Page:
For inland waters, the bass are relating to deeper water that also have weed edges associated with them. Top waters are a great way to locate fish early in the day, or again later in the evening, although smallmouth will readily bite top waters all day if there are slick overcast conditions. A soft plastic jerk bait can be another fantastic option this time of year.

While the bass fishing may be in its summer patterns, the opportunities to have a great day on the water still abound. With lots of summer boating traffic to contend with, make sure to have the necessary safety equipment onboard. Have lots of fun, and just as important is to stay safe!


Michigan River Fishing Report 5.23.16

Memorial Day is almost upon us, and we have been experiencing an awesome stretch of weather this past week. To go with that great weather has been some spectacular days on the water fishing for a variety of species. Waters are warming, and the fishing is hot.

Grand Traverse Bays have been absolutely on fire for both lake trout and ciscos (otherwise known as lake herring or tullibees). The bay temperatures have been fluctuating between the high 40’s and the low 50’s the past week depending on location.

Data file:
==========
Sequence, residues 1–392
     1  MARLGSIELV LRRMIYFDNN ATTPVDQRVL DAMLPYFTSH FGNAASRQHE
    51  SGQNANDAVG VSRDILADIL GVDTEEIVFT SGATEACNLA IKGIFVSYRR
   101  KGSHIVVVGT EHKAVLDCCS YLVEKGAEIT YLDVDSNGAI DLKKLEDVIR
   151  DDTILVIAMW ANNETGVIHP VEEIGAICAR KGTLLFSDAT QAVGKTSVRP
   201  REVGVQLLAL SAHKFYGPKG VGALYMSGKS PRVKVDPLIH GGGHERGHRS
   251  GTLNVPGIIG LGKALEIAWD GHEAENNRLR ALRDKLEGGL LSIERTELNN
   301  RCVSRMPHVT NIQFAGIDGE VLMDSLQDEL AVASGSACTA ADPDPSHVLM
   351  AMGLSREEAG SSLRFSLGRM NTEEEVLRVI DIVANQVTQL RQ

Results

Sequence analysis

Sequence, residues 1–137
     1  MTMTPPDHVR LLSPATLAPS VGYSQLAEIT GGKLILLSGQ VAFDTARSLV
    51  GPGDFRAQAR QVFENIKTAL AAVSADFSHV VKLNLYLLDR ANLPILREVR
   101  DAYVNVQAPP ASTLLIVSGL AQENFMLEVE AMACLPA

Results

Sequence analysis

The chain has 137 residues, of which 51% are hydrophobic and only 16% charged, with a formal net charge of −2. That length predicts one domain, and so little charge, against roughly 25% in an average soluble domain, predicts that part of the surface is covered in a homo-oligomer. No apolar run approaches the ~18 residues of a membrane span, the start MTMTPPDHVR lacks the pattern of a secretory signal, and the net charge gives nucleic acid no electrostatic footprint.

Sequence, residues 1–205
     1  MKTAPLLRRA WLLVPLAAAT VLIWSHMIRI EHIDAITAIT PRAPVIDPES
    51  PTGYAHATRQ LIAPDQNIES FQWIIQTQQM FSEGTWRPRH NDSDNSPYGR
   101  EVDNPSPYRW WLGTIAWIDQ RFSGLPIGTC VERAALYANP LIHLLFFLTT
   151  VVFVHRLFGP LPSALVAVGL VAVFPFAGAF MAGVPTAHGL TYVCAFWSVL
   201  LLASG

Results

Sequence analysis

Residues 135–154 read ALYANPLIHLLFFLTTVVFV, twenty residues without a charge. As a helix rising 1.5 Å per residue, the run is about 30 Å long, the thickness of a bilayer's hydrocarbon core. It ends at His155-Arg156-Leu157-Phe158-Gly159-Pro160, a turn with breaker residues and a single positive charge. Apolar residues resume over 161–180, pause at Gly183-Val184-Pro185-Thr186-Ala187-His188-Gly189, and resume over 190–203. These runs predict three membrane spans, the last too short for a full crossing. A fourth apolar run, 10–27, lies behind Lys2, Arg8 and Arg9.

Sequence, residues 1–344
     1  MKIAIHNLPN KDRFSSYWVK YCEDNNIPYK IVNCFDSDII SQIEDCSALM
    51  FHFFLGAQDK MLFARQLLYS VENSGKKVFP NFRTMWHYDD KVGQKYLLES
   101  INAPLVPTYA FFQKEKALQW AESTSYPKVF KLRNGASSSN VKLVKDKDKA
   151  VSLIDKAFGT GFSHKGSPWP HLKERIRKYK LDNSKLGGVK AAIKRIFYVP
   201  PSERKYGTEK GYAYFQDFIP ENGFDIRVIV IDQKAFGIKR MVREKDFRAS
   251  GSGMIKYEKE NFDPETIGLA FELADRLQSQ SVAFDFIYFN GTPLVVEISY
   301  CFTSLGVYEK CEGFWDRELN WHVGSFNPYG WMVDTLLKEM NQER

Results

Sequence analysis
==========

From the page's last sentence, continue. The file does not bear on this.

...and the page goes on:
The lake trout are starting to move shallow, and are being caught by anglers casting in 20-50 feet of water. Long casts with a heavy blade bait and then retrieved with a hopping yo-yo action have been the ticket to getting the trout and ciscos to bite. Ciscos can also often be caught right below the boat! These little velociraptors with fins have been all over both East and West Grand Traverse Bays, and have been devouring anything in sight seemingly. The trout, while they have been venturing shallow, have for the most part, been in the 40-60 feet of water.

Trolling on the Bays has been the most productive for the trout, and 60 feet of water seems to be the magical depth at the moment. As the waters continue to warm and the baitfish and gobies head shallow, so too will the lake trout, which seem to be running large at the moment. Lots of really nice sized trout have been caught in the past week.

The inland lakes are seeing the first wave of smallmouth bass pushing up onto the beds to spawn. The full moon from a couple of nights ago is what triggered the move to the spawning beds. With many inland lake temperatures in the mid to upper 50’s, there are still bass that are in the pre-spawn mode, readily taking jerk baits and spinner baits as well as more subtle options like a curly-tailed grub.

For river fly anglers, the brown drake hatch is on, and both resident and stocked trout on northern Michigan rivers are feeding heavily on the surface. Streamers are still producing for bigger fish, although during bug hatches it may be best to match the hatch as big trout don’t like to pass up an easy protein meal like a bug!